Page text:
• Occipital diploic veins: largest of the four diploic veins and is confined to the occipital bone. It can drain externally or internally. Its external drainage route courses inferiory in the medial occipital bone to drain into the occipital vein until it reaches the suboccipital venous channels. Internally it drains into either the transverse sinus or the confluence of the sinues. Lachkar et al (2019) found the diploic veins of the occipital bone only contributed minutely to venous drainage.

    Tsutsumi et al (2019) identified the diploic veins of the cranial base. Whilst the veins were scarce over the posterior and medial-third regions of the middle cranial base [presumabley the occiput] they were plentiful elsewhere. The pterional veins (intersection of the frontal, temporal, parietal, and sphenoid bones) were generally well defined, as pivotal channels connecting the lateral parts of the anterior and middle cranial base.

    The diploic veins in the frontal bone are more developed during adolescence, as peak growth of the frontal sinus is supported by increased vascularity. This allows for potential intracranial spread of frontal sinus infection (Lachkar et al 2019).

    During the transition from adolescence to adulthood, diploic veins are mostly observed in the parietal bone.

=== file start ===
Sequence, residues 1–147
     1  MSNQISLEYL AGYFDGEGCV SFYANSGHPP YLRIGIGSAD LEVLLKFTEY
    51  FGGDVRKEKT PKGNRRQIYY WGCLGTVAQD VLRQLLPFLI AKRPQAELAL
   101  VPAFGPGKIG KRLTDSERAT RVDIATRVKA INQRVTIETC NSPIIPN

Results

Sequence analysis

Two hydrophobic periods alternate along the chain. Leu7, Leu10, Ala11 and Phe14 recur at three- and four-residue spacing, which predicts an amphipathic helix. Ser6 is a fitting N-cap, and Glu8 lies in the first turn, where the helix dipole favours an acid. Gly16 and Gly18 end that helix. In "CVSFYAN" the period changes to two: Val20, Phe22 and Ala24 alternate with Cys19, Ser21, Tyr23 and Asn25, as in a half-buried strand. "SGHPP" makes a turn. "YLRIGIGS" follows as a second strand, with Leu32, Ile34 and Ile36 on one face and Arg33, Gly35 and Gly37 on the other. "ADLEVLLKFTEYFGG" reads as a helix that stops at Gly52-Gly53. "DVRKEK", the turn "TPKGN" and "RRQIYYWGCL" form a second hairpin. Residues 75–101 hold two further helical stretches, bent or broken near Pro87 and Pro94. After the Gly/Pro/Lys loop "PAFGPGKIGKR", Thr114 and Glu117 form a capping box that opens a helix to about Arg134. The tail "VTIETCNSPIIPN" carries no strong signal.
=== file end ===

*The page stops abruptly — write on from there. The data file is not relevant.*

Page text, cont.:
In adults, as the diploic veins mature they articulate with intracranial dural sinuses most often, in the middle, rather than the anterior or posterior portions of the skull (Lachkar et al 2019)

    References

    The Diploic Veins: A Comprehensive Review with Clinical Applications (2019). Stefan Lachkar, Mary-Margaret DolsBasem Ishak, Joe Iwanaga, and R. Shane Tubbs

    Cerebrospinal fluid drainage through the diploic and spinal epidural veins (2015). Satoshi Tsutsumi, Ikuko Ogino, Masakazu Miyajima, Masanori Ito, Hajime Arai, and Yukimasa Yasumoto

    Cranial Arachnoid Protrusions and Contiguous Diploic Veins in CSF Drainage (2014) S. Tsutsumi, I. Ogino, M. Miyajima, M. Nakamura, Y. Yasumoto, H. Arai, and M. Ito

    Vascular, glial, and lymphatic immune gateways of the central nervous system (2016). Engelhardt B, Carare RO, Bechmann I, Flügel A, Laman JD, Weller RO.

    The glymphatic system and waste clearance with brain aging (2019). Helene Benveniste, Xiaodan Liu, Sunil Koundal, Simon Sanggaard, Hedok Lee, and Joanna Wardlaw

    The glymphatic system and waste clearance with brain aging (2019). Helene Benveniste, Xiaodan Liu, Sunil Koundal, Simon Sanggaard, Hedok Lee, and Joanna Wardlaw

    Integration of the subarachnoid space and lymphatics: Is it time to embrace a new concept of cerebrospinal fluid absorption? (2005). Lena Koh, Andrei Zakharov and Miles Johnston

    Evaluation of the Production and Absorption of Cerebrospinal Fluid (2015). Masakazu MIYAJIMA and Hajime ARAI

    The Role of the Craniocervical Junction in Craniospinal Hydrodynamics and Neurodegenerative Conditions (2015). Michael F. Flanagan